This is what I will shortly attempt to demonstrate. In the meantime, to dwell a little longer upon the question of places and non-places, it would be as well – in measuring the problems which are to be tackled -not to neglect the scale of the morphological-historical differences between the great geo-cultural areas of the planet “North America”, Michel Serres once observed, “has roads but no places, that is, places which are man-made a space through which one passes China has the deepest of places, but it doesn’t even have the slightest path it is a land m which one stays put, an immense place. In Europe, we have places, roads and paths. At least until such a time comes when the paths which make up the places are not substituted by roads which destroy them”.
But there is still a general aspect which should be borne in mind, if we do not wish the debates on the “decline of ideologies”, the “crisis of foundations”, “drifting” and the “loss of centre”, which have marked the atmosphere of recent years in Europe and in the United States, to degenerate into pseudo-sociological banalities such aspect affects the Constant which is present in all the phases, all the innumerable metamorphoses of the conceptual vocabulary of power in the West, and which is represented by its symbolic space (and code).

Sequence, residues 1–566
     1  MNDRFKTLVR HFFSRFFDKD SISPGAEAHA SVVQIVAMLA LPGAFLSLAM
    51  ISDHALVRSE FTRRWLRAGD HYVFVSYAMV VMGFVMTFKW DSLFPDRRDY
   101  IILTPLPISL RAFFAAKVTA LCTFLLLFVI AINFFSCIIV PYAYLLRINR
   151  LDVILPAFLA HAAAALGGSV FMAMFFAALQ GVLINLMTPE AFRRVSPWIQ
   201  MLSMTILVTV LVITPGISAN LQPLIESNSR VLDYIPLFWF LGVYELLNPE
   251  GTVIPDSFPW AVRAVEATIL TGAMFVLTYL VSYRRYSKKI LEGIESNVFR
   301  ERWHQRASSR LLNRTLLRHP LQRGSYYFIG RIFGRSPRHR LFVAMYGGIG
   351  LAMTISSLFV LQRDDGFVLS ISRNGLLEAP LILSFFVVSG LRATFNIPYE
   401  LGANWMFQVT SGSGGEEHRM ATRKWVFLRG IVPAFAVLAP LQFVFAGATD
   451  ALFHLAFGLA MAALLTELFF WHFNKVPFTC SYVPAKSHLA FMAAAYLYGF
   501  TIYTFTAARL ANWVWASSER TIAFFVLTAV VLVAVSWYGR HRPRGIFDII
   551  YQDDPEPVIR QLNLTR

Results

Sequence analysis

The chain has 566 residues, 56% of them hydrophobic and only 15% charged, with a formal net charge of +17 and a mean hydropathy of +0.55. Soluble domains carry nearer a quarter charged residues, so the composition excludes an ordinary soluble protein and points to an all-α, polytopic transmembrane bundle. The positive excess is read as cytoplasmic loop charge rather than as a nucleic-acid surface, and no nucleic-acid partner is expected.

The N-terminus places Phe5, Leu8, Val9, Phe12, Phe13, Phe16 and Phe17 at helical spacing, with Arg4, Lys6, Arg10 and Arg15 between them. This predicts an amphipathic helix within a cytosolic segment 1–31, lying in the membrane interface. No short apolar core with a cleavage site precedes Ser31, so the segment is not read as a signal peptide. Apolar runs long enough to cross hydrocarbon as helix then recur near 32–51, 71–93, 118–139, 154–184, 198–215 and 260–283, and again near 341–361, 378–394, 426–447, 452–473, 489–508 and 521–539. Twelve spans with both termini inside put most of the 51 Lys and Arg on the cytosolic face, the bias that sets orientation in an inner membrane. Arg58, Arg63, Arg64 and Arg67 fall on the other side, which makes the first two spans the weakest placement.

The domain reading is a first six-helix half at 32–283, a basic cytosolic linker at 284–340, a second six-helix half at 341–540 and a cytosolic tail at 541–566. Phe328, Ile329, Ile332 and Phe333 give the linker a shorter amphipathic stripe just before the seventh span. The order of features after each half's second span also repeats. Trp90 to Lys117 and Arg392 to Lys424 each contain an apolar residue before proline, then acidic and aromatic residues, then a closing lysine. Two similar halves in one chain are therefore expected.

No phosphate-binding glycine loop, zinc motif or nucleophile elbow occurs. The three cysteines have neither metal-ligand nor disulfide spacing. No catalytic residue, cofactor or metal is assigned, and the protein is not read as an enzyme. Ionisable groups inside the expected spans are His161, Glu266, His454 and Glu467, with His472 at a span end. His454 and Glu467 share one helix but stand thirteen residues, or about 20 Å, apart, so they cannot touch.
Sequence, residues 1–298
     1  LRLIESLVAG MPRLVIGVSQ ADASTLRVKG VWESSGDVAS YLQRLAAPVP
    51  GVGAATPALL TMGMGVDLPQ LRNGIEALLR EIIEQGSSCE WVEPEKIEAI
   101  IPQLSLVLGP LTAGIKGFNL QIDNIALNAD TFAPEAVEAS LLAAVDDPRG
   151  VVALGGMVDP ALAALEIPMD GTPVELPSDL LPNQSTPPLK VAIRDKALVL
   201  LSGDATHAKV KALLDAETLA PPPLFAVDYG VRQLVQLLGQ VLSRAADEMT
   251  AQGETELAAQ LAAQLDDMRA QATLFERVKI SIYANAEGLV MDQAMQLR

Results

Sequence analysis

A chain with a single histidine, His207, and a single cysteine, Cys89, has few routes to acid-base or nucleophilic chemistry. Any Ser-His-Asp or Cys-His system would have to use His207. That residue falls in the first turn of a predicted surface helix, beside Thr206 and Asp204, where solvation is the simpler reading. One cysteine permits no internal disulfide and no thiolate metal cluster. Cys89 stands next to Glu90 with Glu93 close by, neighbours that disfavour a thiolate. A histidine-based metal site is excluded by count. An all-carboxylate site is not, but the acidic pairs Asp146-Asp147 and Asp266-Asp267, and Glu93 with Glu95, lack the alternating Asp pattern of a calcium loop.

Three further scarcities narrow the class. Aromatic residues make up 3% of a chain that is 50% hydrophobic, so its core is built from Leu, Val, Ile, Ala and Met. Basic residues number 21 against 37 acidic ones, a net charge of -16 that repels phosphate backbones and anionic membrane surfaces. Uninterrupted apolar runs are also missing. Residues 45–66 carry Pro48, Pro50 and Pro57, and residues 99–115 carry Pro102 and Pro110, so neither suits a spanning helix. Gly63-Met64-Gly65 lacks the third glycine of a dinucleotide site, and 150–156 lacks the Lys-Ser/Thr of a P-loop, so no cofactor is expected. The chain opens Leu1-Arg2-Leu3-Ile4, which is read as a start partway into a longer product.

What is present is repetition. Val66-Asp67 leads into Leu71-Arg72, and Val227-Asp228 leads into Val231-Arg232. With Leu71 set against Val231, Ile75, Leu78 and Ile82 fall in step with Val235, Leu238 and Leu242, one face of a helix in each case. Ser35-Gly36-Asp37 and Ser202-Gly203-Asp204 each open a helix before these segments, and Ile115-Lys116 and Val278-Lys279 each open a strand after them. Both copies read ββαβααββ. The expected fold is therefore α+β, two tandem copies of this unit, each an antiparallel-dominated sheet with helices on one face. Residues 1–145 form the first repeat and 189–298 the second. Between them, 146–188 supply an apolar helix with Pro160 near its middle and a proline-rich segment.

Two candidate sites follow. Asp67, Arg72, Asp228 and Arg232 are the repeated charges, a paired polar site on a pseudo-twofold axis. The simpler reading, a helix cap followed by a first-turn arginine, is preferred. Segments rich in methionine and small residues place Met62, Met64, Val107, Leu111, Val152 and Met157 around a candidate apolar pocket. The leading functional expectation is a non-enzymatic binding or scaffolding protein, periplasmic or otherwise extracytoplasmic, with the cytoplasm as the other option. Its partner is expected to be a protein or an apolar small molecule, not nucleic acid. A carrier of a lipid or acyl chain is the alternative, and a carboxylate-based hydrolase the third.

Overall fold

The essential lexicon with which we indicate power in the West is composed of pairings of two elements violence and perimeter, vitality and geometry, energetics and topology. From this point of view, the history of power and the history of metaphysics really do coincide albeit in a much more prosaic sense than that suggested by the path of thought which may be traced from Heidegger to Derrida. The two histories overlap only insofar as they are variants of the same identity logic, only insofar as they are complementary ways of denominating the centre, different ways of bringing together the two constituent co-ordinates of self-reference identity and borders, vitality and spatiality, “spirit” and “form”. The determination of a turning point, of a fracture within metaphysical substantialism, has then suggested that the centre is not a fixed point but a ubiquitous function which cannot be located an a-topon, indeed a non-place, a central meaning which is never present in an absolute sense, outside of a system of differences.